By Victor Munoz
Since we are in Hispanic Heritage Month until Oct. 15, it’s only natural that as a person of Hispanic descent who also happens to be sports editor of the CSUDH Bulletin, my thoughts lately have drifted toward the fact that so many of our athletes are, or have been, Hispanic.
And no sport is as integral to Hispanic culture and their daily lives than that of soccer. England (which isn’t even its own country anymore!) loves to claim it created football, and, at least during the World Cup, every citizen of the world is suddenly the world’s biggest football/soccer fan, but no region of the world embraces it with such passion as the Spanish-speaking regions of the world (and yes, Brazil, we know you’re all about speaking Portuguese, which makes many Brazilians Latino/a and not Hispanic; but in terms of fútbol, you are as Hispanic as the rest of us).
As historian Stefan Rinke wrote in 2006, soccer is the last real passion in Latin America, something that at least one member of the 2018 CSUDH men’s soccer team absolutely believes.
“Everyone in my family plays soccer,” said Roberto Carlos Rivera, a freshman. “Soccer is everywhere in our lives.”
Rivera is obviously not the only Toro soccer player with familial roots in Mexican, Central American or South American soil. A glance at both the men’s and women’s rosters this year suggest at least two dozen of its players could say the same. But how many were named after a soccer legend, such as Rivera, whose father named him after the Brazilian soccer legend Roberto Carlos da Silva Rocha, who played on 21 championship teams, including one World Cup; winner, three Champions League winners and four Spanish League Championships?
Rivera wants to follow the path of his namesake as well as his grandfather, who played professional soccer in Guatemala.
“[As a soccer player] I want to reach the top,” said Rivera, who starts as center back this season for CSUDH and is second on the team in minutes next to sophomore midfielder D’Morea Alewine. “I am working hard every day to make it to the professional level.”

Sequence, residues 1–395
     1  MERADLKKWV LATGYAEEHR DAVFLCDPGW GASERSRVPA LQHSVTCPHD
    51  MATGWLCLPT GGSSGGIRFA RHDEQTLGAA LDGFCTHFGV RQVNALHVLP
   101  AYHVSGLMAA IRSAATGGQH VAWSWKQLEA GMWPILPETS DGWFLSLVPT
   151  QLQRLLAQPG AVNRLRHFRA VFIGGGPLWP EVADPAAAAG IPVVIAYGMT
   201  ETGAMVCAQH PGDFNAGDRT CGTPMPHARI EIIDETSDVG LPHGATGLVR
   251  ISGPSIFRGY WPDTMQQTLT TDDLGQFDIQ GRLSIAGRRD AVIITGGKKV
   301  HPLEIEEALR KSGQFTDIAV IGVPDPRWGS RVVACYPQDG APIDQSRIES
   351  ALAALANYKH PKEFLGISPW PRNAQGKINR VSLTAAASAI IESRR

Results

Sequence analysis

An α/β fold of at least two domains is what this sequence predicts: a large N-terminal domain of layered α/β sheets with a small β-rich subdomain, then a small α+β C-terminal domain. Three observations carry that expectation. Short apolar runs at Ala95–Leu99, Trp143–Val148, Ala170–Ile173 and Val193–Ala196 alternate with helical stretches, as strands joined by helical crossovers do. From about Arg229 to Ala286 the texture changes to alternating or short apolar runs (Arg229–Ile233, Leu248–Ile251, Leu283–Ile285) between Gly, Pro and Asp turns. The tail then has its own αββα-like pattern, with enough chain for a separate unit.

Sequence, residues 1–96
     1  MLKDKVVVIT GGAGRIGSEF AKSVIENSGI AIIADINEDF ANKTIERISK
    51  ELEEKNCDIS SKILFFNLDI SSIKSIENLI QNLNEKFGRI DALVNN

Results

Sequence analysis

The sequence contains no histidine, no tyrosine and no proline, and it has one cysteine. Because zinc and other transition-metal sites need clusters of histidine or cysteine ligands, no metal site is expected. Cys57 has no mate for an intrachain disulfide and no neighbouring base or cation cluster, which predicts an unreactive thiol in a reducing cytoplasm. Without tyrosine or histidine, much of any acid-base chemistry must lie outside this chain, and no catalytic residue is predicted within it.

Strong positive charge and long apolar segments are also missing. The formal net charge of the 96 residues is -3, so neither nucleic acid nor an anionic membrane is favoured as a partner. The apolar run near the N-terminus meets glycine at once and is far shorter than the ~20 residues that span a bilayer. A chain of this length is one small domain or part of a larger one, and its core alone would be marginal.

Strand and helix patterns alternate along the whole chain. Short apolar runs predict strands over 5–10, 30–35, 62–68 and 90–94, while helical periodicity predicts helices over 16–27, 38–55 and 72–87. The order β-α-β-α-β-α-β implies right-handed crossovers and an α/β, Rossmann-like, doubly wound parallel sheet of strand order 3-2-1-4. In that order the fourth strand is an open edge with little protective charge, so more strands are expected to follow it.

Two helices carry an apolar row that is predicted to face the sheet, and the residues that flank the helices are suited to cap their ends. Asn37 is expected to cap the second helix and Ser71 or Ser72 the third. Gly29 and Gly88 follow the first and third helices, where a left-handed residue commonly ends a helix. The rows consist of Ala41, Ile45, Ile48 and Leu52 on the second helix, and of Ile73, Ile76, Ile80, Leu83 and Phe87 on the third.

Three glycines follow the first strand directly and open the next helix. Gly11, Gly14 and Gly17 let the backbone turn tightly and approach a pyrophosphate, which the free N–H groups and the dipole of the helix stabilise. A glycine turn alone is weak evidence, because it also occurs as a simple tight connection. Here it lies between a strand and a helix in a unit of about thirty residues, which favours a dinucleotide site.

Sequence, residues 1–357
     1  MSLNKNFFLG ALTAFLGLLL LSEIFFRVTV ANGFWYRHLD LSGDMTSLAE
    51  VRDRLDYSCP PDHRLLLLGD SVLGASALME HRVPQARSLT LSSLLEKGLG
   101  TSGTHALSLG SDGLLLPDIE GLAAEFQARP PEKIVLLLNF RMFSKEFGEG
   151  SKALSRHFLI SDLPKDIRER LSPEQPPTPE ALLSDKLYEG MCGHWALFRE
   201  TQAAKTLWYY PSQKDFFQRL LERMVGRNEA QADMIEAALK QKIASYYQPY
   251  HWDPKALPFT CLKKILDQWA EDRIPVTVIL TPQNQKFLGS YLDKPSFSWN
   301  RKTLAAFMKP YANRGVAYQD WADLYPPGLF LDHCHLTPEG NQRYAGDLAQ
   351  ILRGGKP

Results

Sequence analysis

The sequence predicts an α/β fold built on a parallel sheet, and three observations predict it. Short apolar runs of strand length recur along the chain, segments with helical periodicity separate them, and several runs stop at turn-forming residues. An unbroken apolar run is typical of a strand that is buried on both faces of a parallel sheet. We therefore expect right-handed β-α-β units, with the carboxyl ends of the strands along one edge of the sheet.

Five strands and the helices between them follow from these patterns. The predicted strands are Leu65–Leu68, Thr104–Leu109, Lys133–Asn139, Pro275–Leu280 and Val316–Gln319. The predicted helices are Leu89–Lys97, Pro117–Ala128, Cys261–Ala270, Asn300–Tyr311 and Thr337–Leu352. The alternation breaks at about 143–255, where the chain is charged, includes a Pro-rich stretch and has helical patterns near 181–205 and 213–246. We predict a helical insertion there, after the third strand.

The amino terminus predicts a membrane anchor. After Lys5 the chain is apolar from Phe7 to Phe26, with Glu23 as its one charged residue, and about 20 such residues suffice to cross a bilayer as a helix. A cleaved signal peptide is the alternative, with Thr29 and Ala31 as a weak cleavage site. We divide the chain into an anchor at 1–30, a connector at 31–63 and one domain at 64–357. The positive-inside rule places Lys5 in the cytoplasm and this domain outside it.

Rivera was on the verge of representing the Guatemalan National team but in October 2016, the nation was suspended from FIFA activities due to their statutes not being in line with FIFA and CONCACAF, the federation Guatemala competes in.
Though disappointed that he couldn’t represent Guatemala, Rivera said that his dream of becoming a professional is intact. That dream was also a defense mechanism to avoid the dangers of growing up in Gardena.
“Soccer kept me away from any of the dangers and activities that were around because things do happen around my neighborhood,” Rivera said.
In his rookie season at CSUDH, Rivera has started all 12 games, accumulating 1,043 minutes of play. He has played a full match for 10 straight games and has completed 11 of the 12 CSUDH matches. Although he’s been playing a lot of minutes as a freshman, Rivera is not taking anything for granted: he knows there’s a lot of work remaining to reach his goal of turning professional.
“It feels great to play so much at the collegiate level,” Rivera said. “But I’m going to continue working hard because I’m never satisfied. There is always a higher level where you could go and more that you could learn.”
Rivera said he owes his success to his parents because they introduced him to soccer and have supported him along the way.
“My parents have given it all for me and soccer,” Rivera said. “Sometimes my parents would have to prioritize me over my younger siblings because they see I’m taking soccer seriously.”
Also, Rivera said that thanks to the inheritance of soccer from his parents he is also pursuing an education in computer science.
“I am well aware that if I am able to go pro, it may or may not be what sets me for my retirement,” Rivera said. “And with that, I am more than grateful to be studying at a school like CSUDH and pursuing something apart from soccer that I love to do.”